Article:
The Trump campaign canceled speeches from both the president and the vice president to supporters outside the BOK Center as attendance appeared to fall short of expectations. The campaign had hyped the dual speeches from each leader to highlight the massive turnout they were expecting in Tulsa.
Steve Phillips, founder of Democracy in Color, a political organization focused on race and politics, and host of a podcast by the same name, called the turnout “embarrassingly small.”
Trump’s “high-wire act of defying the political laws of gravity by relying on the support of white nationalism and racial fears is finally crashing to the ground,” said Phillips in an email to VOA. “Even hardcore Trump supporters are not willing to enter a COVID-19 death chamber just to assuage Trump's ego and make him feel better.”
The campaign blamed protesters and the media for the low turnout. “Sadly, protesters interfered with supporters, even blocking access to the metal detectors, which prevented people from entering the rally. Radical protesters, coupled with a relentless onslaught from the media, attempted to frighten off the President’s supporters,” said campaign spokesperson Tim Murtaugh in a statement released before the event.
Reporters on the scene denied Murtaugh’s account that large groups of people were turned away by protesters.
Trump had said earlier in the week that the campaign had received nearly a million ticket requests for the rally.
"No doubt, COVID-19 played a role in the depressed turnout,” said Larry Sabato, director of the Center for Politics at the University of Virginia. But if Trump can’t fill an arena in a state he carried overwhelmingly, Sabato said, “you have to wonder how he’s going to fare in swing states that may have turned against him.”
Still, the crowd cheered for Trump, who appeared energetic and eager to bolster a reelection effort battered by a pandemic and nationwide demonstrations against racism.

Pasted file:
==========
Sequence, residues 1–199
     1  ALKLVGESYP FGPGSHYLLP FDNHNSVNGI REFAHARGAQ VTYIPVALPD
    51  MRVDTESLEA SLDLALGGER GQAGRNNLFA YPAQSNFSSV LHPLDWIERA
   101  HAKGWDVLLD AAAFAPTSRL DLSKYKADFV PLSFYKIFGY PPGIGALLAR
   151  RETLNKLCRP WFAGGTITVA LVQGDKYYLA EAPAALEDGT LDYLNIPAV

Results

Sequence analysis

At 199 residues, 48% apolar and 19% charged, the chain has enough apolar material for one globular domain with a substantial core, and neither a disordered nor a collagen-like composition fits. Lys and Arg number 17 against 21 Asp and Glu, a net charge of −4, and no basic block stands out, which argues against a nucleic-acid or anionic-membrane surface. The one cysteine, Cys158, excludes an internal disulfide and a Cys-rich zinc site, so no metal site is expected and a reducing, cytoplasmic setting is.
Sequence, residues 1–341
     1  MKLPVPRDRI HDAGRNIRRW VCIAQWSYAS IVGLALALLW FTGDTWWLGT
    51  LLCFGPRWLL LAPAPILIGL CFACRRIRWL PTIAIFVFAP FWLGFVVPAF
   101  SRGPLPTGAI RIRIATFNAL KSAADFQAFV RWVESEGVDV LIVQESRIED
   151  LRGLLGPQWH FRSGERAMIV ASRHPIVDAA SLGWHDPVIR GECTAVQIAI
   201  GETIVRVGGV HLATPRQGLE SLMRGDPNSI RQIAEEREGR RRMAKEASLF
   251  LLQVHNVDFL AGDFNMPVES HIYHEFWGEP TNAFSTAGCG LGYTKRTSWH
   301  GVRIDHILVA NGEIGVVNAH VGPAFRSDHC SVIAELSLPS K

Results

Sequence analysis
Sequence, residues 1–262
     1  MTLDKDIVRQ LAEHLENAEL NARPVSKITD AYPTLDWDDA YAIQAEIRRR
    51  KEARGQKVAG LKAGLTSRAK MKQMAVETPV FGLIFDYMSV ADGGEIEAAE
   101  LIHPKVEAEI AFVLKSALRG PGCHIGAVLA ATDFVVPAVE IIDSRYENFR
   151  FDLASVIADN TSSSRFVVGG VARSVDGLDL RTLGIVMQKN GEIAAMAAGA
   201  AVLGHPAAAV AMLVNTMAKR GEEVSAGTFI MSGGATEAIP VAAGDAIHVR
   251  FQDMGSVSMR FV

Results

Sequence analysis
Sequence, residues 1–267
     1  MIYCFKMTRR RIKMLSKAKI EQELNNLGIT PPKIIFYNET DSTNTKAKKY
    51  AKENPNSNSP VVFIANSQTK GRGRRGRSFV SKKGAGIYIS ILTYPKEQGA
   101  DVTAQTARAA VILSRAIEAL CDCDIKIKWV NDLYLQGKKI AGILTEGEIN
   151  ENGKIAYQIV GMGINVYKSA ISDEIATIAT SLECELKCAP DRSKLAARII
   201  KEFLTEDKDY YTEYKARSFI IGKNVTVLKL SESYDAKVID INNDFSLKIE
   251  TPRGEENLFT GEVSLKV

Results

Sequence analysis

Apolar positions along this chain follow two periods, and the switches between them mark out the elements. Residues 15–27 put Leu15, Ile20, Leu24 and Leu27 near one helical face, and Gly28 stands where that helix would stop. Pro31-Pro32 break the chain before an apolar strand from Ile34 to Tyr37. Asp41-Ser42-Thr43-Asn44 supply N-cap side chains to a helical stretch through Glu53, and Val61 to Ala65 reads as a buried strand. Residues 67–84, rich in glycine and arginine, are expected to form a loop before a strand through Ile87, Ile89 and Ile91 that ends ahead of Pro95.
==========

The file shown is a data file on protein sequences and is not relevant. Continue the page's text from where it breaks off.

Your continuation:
Black comedian and Trump supporter Terrence K. Williams tweeted his support for the president from the rally arena, saying “we are all Americans” and that Trump rallies are for everyone.
While Trump energized supporters in his Tulsa rally, the first since early March, Larry Sabato projected that the boost for his reelection will be small.
“This election is a referendum on Donald Trump,” Sabato said. “Maybe rallies pump up the enthusiasm of the Trump troops, but the rallies could backfire if there’s a COVID-19 outbreak among the participants afterwards.”
The campaign conducted temperature checks and handed out face masks and hand sanitizer to anyone who wanted them. But many among the thousands of Trump supporters were not wearing masks as they cheered shoulder-to-shoulder for the president in an arena with a capacity of 19,000 people.
Rally-goer Josie Saltarelli, 38, a paramedic from Tulsa, said she wasn't worried about the coronavirus. "People die of other things all the time,” she said.
The Oklahoma Supreme Court on Friday rejected a request by local residents that rally-goers be required to wear masks to prevent the spread of the coronavirus, ruling that the residents did not have a clear legal right to seek such a mandate.
Prior to the rally, the campaign announced that six Trump campaign staff members who helped prepare for the event tested positive for the coronavirus. Murtaugh, the campaign spokesperson, said they would not attend the rally and would follow quarantine procedures.
In a news conference on Wednesday, the city's Republican mayor, G.T. Bynum, said he would not be attending Trump's rally amid fears of the coronavirus.
Rally-goers had to sign off on a legal disclaimer on the online registration page of the event acknowledging that they “voluntarily assume all risks related to exposure to COVID-19 and agree not to hold Donald J. Trump for President, Inc.; BOK Center; ASM Global; or any of their affiliates, directors, officers, employees, agents, contractors, or volunteers liable for any illness or injury.”